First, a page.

Tuesday, March 8, 2016

SciArt, women and wunderkammers

my linocut portraits of women in STEM, left to right, top to bottom:
Hypatia, Skłodowska-Curie, Nightingale, Atkins, Leavitt, Jemison, Merian and Lamarr

my linocut portraits of women in STEM, left to right, top to bottom:
Anning, Wu, Lovelace, Lehmann, Kovalevski, Tharp, Bell (Burnell), Meitner, Herschel

I'm sharing my women in STEM portraits for International Women's Day today. We're fresh off the second annual #SciArt tweetstorm, which is rapidly becoming a fabulous institution on Twitter. For the second year, the first week of March has been a celebration of the place where art and science intersect - everything from technical drawings and data visualizations to comics to fine art in all media to textiles and fashion and basically, whatever you can imagine. It's a great way to find like-minded creators and share your work, brought to us by the great team at the Symbiartic blog on Scientific American.

Like other participants I'm really thankful for this opportunity to connect with a greater audiance. This just blows my mind. I've shared my leaf prints before and usually get great feedback, a few favorites and retweets, but during the tweetstorm this was the response:

Though my friend @faunalia likes to think I'm some sort of craft celebrity, I'm not remotely famous and 107 retweets and 130 favorites are astronomical numbers for me! The tweetstorm brought my art to the eyes of chemists and plant scientists. It really has the power to help bring people together and forge a SciArt community.

Some SciArt from TEST teammates: The Vexed Muddler,
Slashpile Designs, nanopod, The Chemist Tree, Honey Thistle,
HOPSCOTCH, Tanya Harrison Photo and Wild Whimsy Woolies
During February, the Toronto Etsy Street Team did a daily #WeBeTEST Instagram challenge, and that too was great for community building. On Valentine's we shared some love of our teammates work and amongst other things, I wrote about other science-artists on the team. I've long been a fan of the otherworldly jewellery and sculpture metal and glasswork of Tosca from nanopod. You can see that Haeckel is a influence to her too, along with myth and some of the more astounding natural history. You can find radiolarians, jellyfish and other biomorphic forms in her work. She's decided to add a some retail to her studio and teaching space Nanotopia (322 Harbord St, at Grace). She's invited Honey Thistle and Never Wares and I to also sell a cabinet of curiosity of items, along with her works, minerals, fossils, bones, taxidermy and other strange ephemera! So I brought her some small prints of weird (real and imaginary) creatures as well as some stuffed animals (extant and extinct) today. Next week, two women from Brooklyn's Morbid Anatomy Museum and Evolution store will be in town and teaching Entomology 101 and Jackalope and Squirrel taxidermy mounts at Nanotopia. The retail space is planned to coincide with their visit March 11 -13. If you're in the neighbourhood you should go check it out! To be honest, this is pretty well my definition of cool and it was all I could do not to squeal with delight and act like I'm a professional grown-up doing something normal and every day, because how cool is that?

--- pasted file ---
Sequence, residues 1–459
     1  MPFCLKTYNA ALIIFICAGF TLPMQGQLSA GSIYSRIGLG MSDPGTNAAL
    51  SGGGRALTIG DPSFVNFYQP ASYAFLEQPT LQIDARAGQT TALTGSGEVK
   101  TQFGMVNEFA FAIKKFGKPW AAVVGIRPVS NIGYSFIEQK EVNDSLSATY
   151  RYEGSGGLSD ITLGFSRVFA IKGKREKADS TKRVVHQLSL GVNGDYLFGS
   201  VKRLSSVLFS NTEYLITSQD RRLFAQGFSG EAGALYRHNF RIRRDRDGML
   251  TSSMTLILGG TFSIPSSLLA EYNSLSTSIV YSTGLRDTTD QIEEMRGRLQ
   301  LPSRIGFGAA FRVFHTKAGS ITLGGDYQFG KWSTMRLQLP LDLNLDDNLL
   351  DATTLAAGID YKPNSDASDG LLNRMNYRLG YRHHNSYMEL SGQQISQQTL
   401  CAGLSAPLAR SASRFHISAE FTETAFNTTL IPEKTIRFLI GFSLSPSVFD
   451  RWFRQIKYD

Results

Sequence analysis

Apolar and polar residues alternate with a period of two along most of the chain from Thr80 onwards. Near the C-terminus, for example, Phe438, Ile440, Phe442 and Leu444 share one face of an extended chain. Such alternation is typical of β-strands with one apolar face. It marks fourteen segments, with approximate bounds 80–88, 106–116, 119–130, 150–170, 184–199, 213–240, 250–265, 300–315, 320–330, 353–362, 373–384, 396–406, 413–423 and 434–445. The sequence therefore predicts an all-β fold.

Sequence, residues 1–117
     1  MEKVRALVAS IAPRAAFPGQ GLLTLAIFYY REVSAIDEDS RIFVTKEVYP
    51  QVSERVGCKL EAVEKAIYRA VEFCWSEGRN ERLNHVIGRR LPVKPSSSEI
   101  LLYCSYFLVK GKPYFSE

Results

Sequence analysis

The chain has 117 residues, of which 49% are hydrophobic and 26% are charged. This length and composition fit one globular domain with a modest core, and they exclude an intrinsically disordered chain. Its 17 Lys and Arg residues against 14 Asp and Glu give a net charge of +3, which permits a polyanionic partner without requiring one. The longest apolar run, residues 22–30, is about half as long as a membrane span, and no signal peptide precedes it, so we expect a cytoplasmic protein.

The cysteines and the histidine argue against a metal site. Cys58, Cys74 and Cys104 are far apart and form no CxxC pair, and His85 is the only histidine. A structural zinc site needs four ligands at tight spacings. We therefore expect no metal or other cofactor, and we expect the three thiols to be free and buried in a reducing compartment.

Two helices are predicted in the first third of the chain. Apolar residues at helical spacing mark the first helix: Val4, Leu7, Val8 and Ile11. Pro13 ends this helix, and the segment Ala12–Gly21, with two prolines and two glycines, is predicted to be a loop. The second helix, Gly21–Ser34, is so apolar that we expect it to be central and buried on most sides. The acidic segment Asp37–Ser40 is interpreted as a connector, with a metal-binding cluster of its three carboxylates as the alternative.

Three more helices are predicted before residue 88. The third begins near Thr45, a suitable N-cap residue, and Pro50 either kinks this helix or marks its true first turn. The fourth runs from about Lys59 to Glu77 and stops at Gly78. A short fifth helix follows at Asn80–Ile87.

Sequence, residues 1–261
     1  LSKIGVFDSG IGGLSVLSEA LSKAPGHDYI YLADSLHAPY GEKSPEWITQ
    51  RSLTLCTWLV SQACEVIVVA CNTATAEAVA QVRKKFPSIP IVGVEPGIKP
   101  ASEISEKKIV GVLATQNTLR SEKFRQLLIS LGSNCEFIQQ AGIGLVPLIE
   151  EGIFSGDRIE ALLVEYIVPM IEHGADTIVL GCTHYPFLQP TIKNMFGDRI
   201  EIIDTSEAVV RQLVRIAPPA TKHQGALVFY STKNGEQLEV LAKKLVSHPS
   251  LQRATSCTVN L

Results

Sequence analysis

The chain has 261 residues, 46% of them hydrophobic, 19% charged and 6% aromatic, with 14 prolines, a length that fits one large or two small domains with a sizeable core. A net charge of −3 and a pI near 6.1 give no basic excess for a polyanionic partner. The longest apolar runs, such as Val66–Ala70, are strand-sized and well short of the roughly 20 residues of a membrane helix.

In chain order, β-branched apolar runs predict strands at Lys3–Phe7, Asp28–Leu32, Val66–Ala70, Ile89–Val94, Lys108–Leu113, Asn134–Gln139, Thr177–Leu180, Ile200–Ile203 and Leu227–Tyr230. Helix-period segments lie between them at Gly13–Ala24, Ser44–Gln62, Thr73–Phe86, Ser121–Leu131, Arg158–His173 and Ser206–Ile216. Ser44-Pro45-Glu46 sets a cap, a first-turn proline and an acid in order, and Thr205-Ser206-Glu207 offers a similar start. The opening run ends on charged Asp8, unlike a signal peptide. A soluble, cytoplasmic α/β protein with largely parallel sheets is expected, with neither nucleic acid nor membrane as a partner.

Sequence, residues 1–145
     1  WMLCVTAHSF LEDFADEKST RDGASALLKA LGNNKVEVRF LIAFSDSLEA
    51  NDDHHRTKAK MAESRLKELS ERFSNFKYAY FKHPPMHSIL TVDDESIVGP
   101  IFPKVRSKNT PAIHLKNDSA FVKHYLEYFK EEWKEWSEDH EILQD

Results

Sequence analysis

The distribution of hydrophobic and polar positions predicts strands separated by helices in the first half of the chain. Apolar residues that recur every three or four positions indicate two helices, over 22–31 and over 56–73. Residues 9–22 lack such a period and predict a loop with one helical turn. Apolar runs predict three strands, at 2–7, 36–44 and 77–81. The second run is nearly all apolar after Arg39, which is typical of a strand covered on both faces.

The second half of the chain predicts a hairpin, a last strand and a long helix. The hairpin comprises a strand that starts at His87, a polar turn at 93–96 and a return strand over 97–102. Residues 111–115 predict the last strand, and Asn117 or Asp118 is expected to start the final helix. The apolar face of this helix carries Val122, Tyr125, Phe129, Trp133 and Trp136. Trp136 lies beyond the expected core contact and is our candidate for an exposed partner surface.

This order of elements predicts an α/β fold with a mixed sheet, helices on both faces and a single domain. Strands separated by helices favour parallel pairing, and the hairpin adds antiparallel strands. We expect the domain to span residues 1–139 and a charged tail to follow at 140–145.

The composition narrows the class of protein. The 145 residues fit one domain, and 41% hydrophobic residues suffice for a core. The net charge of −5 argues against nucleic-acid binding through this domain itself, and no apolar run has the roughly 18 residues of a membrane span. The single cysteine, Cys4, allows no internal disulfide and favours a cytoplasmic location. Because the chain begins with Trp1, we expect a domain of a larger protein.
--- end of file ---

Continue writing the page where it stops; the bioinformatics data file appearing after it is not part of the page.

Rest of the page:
This is a photo I took of the window of Evolution, NYC, June 18, 2011
The Morbid Anatomy blog, by the way,  is somewhere you could loose hours of your life if you too are inspired by the intersection of art and science, or love magpie&whiskeyjack but wish it were more gothic.

Tosca said she would like more stuffed things and I think I really must make tardigrades. By the way, I printed a linocut tardigrade last week. If you don't know, these mighty microscopic creatures of 0.5 mm (0.02") maximum in length are found in environments from mountaintops to the deep sea, from tropical rain forests to the Antarctic, and can survive conditions leathal to most other animals including: temperature ranges from near absolute zero 1 K (−458 °F; −272 °C) to about 420 K (300 °F; 150 °C); roughly six times the pressures found in the deepest oceanic trenches on Earth; ionizing radiation at dosages hundreds of times what would kill a mere human; the vaccuum of space. That's right; these animals have been to outer space and lived to tell the tale (or, at least lived and had someone tell the tale). The can go without food for 30 years, dehydrate, and then just rehydrate and go about their lives.
Tardigrade, linocut 8.5" x 11" on Japanese paper, Ele Willoughby, 2016

Tardigrades have short, plump legs and are prevalent in mosses and lichens and feed on plant cells, algae, and small invertebrates, hence their second nickname in case "water bear" isn't cute enough for you: the moss piglet. Tardigrades have been around at least 530 million years to the Cambrian. Don't you think it would make a cuddly plushie?

When you're done catching up on the #SciArt hashtag on Twitter, be sure to look up #5womenartists - another great one for this #WomensHistoryMonth. It occurs to me that all the work I'm writing about here today are all by women artists, and if you like what I do, you'll love their work too.

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